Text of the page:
The second basis for forgiveness

I’m taking way too long to finish blogging about forgiveness, so here’s what I’ll do. Today I’ll cover the second basis for forgiveness and tomorrow I’ll cover the third. On Thursday I’ll talk about the ways that forgiveness is conditional; on Friday I’ll wrap up with the ways that forgiveness is not conditional.

A while ago I talked about the first basis for forgiveness: that God has forgiven us. The second basis is closely related. It’s to see ourselves in the same category as the person who has wronged us. So much of our struggle to forgive involves a sense of superiority, rather than an acknowledgement that we are sinners in need of grace as much as anyone else.

It’s much easier to forgive when we see ourselves as we really are.

Nobody brings this out better than Miroslov Volf:

Forgiveness flounders because I exclude the enemy from the community of humans even as I exclude myself from the community of sinners. But no one can be in the presence of the God of the crucified Messiah for long without overcoming this double exclusion – without transposing the enemy from the sphere of monstrous inhumanity into the sphere of shared humanity and herself from the sphere of proud innocence into the sphere of common sinfulness. When one knows that the torturer will not eternally triumph over the victim, one is free to rediscover that person’s humanity and imitate God’s love for him. And when one knows that God’s love is greater than all sin, one is free to see onself in the light of God’s justice and so rediscover one’s own sinfulness. (Exclusion and Embrace)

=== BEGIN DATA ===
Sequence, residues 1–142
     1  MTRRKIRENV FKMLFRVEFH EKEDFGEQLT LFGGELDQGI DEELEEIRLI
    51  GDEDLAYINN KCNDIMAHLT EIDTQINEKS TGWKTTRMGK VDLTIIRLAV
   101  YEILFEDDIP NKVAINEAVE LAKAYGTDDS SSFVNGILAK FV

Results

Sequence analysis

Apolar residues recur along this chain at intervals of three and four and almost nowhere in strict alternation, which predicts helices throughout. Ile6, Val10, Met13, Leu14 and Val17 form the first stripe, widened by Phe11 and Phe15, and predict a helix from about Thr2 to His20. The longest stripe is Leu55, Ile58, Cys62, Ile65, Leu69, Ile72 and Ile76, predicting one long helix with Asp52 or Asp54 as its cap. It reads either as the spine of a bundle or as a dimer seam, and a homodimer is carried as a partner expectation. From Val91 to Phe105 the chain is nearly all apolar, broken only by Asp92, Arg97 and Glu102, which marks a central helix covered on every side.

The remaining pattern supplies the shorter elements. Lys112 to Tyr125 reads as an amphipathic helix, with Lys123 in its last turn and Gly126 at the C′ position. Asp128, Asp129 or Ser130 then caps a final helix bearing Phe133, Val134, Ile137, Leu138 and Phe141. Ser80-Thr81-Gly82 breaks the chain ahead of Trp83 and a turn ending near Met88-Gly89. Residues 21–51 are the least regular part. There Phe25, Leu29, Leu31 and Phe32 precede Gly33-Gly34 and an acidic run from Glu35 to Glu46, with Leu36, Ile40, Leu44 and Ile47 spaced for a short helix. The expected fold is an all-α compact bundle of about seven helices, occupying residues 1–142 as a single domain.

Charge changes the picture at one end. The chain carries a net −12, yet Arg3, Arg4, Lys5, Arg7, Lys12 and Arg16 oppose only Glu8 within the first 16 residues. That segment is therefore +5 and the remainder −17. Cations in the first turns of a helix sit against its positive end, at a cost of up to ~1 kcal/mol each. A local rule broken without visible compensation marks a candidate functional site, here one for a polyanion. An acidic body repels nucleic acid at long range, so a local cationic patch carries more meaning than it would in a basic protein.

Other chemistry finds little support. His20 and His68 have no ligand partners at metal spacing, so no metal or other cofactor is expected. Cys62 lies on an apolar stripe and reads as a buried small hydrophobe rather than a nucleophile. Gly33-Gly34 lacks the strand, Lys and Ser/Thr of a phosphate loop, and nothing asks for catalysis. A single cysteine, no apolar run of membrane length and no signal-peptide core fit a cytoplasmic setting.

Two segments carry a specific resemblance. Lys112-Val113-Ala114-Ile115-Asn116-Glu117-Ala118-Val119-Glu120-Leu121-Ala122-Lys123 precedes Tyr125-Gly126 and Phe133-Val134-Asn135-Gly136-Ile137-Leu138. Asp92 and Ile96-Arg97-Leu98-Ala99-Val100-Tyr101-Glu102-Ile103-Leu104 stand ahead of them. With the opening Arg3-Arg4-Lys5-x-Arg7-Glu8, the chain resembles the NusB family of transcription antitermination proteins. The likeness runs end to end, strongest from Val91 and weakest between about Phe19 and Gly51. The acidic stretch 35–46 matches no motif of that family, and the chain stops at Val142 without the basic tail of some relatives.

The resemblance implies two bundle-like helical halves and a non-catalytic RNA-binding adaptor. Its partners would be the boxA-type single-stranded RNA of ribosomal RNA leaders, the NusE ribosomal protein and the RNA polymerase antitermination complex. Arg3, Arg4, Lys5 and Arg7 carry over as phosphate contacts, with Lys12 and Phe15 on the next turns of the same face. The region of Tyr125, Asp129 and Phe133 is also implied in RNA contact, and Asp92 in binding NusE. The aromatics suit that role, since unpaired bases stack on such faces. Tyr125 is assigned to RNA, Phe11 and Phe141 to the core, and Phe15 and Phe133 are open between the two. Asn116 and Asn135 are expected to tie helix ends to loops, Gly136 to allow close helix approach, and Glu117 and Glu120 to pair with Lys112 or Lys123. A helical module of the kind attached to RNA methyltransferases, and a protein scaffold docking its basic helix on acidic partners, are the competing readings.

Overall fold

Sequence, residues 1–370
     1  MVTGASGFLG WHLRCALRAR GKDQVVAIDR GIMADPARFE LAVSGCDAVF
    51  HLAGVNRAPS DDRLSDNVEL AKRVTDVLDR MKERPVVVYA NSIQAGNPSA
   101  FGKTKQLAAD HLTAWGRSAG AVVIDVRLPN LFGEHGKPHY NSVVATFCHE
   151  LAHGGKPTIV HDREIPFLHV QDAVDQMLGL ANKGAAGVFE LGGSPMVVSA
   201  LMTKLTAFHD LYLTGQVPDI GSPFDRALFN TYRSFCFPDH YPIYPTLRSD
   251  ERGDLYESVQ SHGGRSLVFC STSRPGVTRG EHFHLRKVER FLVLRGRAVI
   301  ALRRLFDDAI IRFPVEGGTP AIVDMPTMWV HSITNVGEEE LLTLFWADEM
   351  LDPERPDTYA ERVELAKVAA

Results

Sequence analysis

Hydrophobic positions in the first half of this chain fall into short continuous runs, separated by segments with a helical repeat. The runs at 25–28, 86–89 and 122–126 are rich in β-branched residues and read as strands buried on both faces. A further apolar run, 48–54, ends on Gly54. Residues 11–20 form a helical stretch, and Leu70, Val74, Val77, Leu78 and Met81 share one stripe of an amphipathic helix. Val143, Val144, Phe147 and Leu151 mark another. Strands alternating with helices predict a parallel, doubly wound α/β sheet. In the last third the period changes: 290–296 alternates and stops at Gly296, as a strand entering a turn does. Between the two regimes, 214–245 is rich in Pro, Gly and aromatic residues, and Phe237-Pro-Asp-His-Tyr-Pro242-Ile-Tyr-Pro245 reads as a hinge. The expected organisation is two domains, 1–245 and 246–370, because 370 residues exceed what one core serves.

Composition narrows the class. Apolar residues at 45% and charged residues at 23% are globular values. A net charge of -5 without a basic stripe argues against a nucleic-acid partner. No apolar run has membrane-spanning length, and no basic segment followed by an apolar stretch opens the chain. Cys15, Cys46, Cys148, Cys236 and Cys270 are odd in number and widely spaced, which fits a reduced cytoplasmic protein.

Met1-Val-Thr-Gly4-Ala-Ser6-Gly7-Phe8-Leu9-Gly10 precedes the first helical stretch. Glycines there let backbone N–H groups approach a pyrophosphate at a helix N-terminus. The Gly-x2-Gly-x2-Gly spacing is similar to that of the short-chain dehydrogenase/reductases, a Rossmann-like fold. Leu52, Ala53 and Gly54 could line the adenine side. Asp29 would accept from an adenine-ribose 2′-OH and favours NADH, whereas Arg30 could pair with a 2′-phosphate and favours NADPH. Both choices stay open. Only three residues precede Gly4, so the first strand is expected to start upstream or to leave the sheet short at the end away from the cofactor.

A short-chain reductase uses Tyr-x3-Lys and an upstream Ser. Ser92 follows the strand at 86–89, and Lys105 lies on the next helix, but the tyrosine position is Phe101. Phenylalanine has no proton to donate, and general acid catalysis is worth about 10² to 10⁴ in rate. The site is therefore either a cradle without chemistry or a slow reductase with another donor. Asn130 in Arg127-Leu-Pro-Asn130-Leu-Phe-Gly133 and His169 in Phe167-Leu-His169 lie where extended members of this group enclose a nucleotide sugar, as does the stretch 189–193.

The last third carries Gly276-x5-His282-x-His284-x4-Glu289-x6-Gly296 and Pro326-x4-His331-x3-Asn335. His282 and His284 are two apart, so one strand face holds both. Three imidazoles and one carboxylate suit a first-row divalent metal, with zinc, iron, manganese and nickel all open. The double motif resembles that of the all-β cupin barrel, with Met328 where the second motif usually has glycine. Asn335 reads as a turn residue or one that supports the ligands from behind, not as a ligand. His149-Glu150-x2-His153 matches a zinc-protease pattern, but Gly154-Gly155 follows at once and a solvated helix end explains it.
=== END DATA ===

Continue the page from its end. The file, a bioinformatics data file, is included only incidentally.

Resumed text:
(Volf also touches on the third basis for forgiveness in this quote, which we’ll get to tomorrow.)

A lot of self-help literature talks about the importance of knowing oneself. This is incredibly valuable – although the knowing oneself leads to something much different than what is usually meant by the self-help approach. We come to know ourselves as sinners in desperate need of grace.

Becky Pippert puts it this way:

The biggest surprise of all has been about myself. I have had to face up to what I am sure has been clear to everyone else all along: I am deeply flawed. Mind you, I always knew theoretically that to be human was to be flawed – as in, “Hey, nobody’s perfect.” But as the years have gone by, I have had to face up to more dramatic, specific, and undeniable evidence that I was my own worst case…
We want to believe that the essential “us” is who we are in our best moments, when everything is going our way, when nothing is thwarting or threatening us. We want to believe that we are what we project to the world: nice, respectable, competent people who have it all together. Fortunately or unfortunately, life doesn’t let us get away with our charade. Sooner or later, whether through a difficult relationship with a berating boss, a demanding spouse, a difficult child, or simply through overwhelming or infuriating circumstances, we are confronted with our darker side. (Hope Has Its Reasons)

When we see ourselves as we really are, and believe that we are the worst of sinners, we’ll be much ready to forgive others when they wrong us.

Darryl Dash

Darryl Dash

I'm a grateful husband, father, oupa, and pastor of Grace Fellowship Church Don Mills. I love learning, writing, and encouraging. I'm on a lifelong quest to become a humble, gracious old man.
Toronto, Canada